Monday, September 29, 2014

Outfitting the Small Shop - Part 2

Update to my post from a couple of weeks ago, I just pushed the button on the new mill for my shop.
The Grizzly version of the BF20 mills sold a few places. These are built by Chinese company but not Seig, makers of the other mill I highlighted in that previous post. 

There's a few reasons for this: the size and power put it right in the range I'm looking for, capable of taking relatively very heavy cuts (compared to what I'm used to).  I think an 80% lower will be a Saturday afternoon job instead of a spare time for a week or more, and it brings possibilities of lots of other gunsmithing adventures.  There's a lot of online support for it - this one is referred to often. 

Obviously, it's not CNC ready, so there's that.  Frankly, I've never turned the cranks on a milling machine and I don't know how I'll do with that.   I definitely need to look into one of options for a DRO (Digital Read Out - a digital reading of position).  Yeah, Griz sells one outfitted with a DRO, but I've seen DROs made out of digital calipers.  For two of the axes, that should be reasonably cheap.

The adventure will begin in earnest next week at about this time, with a few hundred pounds of machine-tool kit in the shop.  Meanwhile, the next level of planning begins.  And this is totally ignoring the L-word: a tool room lathe.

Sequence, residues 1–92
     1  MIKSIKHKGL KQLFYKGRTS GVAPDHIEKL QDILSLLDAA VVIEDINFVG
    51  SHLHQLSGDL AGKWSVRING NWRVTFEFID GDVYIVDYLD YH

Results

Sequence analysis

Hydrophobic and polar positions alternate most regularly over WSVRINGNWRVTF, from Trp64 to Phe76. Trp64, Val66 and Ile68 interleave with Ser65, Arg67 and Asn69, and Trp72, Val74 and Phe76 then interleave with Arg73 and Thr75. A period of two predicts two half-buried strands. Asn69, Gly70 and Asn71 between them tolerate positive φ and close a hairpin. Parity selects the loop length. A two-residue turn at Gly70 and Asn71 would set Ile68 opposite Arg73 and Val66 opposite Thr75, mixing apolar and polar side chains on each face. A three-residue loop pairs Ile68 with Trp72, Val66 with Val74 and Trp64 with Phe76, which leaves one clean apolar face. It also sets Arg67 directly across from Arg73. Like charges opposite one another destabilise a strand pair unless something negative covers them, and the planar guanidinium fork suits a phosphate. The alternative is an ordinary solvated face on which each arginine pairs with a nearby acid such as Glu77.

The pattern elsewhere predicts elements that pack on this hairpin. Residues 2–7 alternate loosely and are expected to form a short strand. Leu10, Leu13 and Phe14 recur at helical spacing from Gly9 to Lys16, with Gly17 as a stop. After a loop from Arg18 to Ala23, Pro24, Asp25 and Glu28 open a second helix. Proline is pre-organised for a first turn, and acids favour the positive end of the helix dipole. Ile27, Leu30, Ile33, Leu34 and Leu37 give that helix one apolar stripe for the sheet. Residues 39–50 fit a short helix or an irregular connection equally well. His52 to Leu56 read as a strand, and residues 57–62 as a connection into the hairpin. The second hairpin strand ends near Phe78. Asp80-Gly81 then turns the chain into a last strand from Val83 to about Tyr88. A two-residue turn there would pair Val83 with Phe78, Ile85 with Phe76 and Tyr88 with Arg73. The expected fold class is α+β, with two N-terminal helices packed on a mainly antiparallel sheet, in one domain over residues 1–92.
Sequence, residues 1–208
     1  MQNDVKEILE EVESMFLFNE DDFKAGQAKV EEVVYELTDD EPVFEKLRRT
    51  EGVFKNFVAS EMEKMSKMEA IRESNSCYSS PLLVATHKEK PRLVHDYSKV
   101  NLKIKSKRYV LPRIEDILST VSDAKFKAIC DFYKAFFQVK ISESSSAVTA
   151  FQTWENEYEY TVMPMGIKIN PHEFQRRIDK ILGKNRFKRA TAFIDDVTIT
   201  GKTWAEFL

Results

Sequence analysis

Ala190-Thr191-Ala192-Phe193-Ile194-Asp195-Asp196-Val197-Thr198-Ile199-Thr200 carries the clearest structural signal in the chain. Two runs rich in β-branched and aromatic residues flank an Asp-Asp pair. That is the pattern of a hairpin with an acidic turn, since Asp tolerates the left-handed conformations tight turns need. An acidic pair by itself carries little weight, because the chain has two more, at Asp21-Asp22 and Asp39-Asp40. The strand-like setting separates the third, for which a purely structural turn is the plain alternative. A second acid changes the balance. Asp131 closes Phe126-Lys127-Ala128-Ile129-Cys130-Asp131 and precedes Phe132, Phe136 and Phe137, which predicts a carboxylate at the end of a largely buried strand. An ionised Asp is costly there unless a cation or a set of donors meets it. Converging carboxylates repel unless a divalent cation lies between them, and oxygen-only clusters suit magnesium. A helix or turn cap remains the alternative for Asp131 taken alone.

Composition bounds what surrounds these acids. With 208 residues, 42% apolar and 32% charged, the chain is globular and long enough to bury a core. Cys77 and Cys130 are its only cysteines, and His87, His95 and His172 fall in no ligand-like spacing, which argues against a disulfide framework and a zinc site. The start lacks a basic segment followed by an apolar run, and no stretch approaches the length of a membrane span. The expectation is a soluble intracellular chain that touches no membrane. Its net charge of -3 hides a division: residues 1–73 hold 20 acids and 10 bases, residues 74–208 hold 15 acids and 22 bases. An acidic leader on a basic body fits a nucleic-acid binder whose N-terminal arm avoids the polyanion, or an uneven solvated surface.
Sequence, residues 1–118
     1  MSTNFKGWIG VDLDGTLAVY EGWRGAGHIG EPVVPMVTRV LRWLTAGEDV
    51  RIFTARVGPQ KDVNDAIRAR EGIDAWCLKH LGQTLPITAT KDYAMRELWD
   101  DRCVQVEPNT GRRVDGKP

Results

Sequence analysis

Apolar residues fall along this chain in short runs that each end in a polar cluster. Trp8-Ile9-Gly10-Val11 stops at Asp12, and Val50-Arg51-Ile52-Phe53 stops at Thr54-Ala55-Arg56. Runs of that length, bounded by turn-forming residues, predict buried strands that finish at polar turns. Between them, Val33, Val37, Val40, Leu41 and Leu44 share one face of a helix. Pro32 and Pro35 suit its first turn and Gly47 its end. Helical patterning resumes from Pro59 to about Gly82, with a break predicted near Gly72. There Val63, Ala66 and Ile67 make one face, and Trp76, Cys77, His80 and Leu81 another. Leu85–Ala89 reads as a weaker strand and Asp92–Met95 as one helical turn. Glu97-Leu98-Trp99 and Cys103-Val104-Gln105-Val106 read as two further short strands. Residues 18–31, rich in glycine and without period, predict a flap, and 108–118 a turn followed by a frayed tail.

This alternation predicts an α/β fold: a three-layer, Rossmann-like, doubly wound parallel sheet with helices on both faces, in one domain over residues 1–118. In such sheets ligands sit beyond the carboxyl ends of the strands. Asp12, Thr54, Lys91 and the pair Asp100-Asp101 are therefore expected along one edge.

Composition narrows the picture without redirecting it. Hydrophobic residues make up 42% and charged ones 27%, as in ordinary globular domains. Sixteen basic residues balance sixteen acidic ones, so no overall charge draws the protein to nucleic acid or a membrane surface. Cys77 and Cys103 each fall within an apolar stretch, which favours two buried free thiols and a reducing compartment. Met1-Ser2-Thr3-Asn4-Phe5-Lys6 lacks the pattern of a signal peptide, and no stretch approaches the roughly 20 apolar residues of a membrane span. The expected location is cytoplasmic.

1. The G0704 is a VERY nice machine. A good friend has one that is fully outfitted with DROs and power feed, and I am quite jealous.

  2. Well, IIRC, you're the guy who first pointed it out to me!

    Right now I'm drinking from the fire hose and wondering if I should call and change my order over to the one with the built in DRO.

  3. I was pleasantly surprised at how little slop the lead screws have in these little Asian machines, so backlash is minimal, to be sure.

    Despite that, if you can fit the DROs in your budget, I highly recommend the ones that Grizzly offer for it that are almost a bolt-on affair. After outfitting my mill (prior to cnc conversion) with some small, inexpensive DROs, I won't go back to relying on the knobs on any future machine.

    (add a little coolant system, and I think you'll be pleasantly surprised at the parts you can machine on that little guy.)

  4. This guy seems to have a simlar machine, along with lathe complimenting, and produces some interesting stuff along the way: